These women’s groups proved over and over again to be ahead of their times, even if some of the internal and theological stances of Maryknoll lagged decades behind those of the YWCA. For example, Maryknoll couched their 1960s reinterpretations of their charism in the “language of psychological development and spiritual growth not unlike the psychological theory that had transformed the YWCA’s religious discourse in the 1920s” (167). Nevertheless, the 1946 Interracial Charter which committed the YWCA to actively combat segregation and Maryknoll’s mid-century commitment to “racial and national cooperation” as complexly detailed by Izzo, demonstrate how both organizations were forward thinking, even if enacting these policies and goals only came to fruition when broader movements provided them concrete means of engagement.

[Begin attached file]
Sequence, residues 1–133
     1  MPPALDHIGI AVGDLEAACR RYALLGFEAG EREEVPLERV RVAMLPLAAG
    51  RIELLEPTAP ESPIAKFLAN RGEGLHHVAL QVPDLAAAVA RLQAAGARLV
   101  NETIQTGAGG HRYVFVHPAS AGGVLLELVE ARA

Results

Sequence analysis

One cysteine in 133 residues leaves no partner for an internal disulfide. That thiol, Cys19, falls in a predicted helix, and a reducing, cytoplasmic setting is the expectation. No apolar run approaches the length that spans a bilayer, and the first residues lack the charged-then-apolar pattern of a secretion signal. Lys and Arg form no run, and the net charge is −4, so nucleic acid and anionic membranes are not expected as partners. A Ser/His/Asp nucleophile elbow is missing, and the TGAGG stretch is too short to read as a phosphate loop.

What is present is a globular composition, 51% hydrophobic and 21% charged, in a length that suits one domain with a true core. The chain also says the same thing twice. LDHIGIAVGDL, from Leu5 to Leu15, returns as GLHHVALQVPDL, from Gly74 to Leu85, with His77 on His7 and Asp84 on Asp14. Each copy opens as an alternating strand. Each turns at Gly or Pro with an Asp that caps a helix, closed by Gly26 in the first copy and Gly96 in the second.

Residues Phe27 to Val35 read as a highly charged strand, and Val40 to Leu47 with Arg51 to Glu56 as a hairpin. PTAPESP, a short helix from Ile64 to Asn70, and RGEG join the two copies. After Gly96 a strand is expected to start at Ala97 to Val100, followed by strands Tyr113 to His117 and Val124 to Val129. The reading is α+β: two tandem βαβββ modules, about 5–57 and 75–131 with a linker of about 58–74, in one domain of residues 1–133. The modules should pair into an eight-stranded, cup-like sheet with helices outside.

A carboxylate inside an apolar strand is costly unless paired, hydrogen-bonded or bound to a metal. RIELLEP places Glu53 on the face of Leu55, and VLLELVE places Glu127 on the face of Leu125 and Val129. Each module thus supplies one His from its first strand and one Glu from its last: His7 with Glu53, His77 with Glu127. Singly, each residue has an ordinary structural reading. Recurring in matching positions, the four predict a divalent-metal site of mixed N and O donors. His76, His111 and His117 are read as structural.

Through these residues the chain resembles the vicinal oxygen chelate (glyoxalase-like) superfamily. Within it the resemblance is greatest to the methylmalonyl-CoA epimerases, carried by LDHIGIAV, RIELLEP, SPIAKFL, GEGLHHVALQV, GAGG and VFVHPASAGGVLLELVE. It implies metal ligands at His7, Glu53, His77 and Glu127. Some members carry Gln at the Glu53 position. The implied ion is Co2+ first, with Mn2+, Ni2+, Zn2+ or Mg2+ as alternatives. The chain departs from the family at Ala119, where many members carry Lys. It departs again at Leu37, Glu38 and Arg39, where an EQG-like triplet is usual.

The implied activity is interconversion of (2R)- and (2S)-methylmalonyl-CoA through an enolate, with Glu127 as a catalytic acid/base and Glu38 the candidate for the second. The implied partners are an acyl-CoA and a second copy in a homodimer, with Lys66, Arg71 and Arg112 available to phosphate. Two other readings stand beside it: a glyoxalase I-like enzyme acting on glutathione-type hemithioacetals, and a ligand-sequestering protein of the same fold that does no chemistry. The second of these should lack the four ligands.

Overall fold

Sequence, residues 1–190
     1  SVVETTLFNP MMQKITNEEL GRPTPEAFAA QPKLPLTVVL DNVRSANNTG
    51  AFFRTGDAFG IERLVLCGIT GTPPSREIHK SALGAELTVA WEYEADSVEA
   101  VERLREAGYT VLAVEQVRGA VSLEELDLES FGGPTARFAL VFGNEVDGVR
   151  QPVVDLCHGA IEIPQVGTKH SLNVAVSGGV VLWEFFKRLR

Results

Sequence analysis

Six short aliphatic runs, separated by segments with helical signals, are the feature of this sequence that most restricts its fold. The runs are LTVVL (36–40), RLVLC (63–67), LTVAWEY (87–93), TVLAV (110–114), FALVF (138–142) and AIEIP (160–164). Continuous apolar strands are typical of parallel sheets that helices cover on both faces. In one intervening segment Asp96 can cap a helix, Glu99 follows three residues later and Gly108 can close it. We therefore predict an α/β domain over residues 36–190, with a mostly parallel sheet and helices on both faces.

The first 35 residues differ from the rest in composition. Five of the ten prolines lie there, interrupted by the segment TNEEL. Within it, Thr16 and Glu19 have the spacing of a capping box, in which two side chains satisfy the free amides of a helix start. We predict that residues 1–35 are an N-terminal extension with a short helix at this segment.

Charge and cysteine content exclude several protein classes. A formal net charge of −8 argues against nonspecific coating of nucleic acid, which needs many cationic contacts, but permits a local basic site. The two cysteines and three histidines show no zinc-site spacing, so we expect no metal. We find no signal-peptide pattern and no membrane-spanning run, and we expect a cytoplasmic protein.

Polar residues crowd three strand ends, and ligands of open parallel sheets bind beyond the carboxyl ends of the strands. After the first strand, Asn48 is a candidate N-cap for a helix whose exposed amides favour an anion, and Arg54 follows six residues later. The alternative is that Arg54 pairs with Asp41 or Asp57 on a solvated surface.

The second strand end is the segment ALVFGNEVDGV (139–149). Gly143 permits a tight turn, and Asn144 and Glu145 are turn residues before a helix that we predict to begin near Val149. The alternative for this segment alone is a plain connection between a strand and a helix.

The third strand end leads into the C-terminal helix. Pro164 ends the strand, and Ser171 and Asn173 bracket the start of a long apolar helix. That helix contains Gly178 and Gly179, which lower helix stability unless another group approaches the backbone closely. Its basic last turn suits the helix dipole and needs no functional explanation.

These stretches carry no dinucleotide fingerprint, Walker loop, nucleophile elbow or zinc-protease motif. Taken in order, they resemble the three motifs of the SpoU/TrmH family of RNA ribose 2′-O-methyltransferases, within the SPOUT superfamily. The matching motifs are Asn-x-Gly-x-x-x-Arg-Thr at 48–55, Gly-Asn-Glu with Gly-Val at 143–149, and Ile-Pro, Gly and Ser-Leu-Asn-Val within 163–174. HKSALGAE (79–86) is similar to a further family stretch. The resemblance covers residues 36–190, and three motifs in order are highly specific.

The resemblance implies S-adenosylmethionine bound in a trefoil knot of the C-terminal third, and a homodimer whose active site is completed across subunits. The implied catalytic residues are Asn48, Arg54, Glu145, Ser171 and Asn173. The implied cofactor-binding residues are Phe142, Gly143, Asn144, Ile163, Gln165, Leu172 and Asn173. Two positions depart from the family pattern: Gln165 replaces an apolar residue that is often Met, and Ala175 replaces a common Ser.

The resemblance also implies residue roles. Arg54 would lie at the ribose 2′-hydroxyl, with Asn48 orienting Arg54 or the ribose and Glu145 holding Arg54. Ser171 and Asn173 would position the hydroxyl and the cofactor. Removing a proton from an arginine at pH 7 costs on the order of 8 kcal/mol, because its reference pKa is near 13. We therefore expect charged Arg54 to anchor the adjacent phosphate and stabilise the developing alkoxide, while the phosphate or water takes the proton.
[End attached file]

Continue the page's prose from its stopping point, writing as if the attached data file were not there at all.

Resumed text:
Certainly through programming and other means these organizations attempted to bring about social progress as motivated by the Social Gospel and Catholic social teaching, but Izzo makes evident the challenges of this work given the paternalistic, imperial, and colonial tinges of some of their ministries—particularly missionary and interracial ones. Presenting the paternalism and “racialized sense of cultural superiority” which marked Maryknoll and YWCA sensibilities, Liberal Christianity and Women’s Global Activism does a remarkable job of demonstrating the complexities of the work of these women’s groups without demonizing these women or their work. Instead, she “complicates simplistic accounts of cultural imperialism, demonstrating that mission could never be a simple act of Western domination” (5). Taking on this complex work, Izzo’s text addresses contemporary academic concerns like colonialism, gender, and race, without allowing them to overpower Maryknoll’s and YWCA’s histories.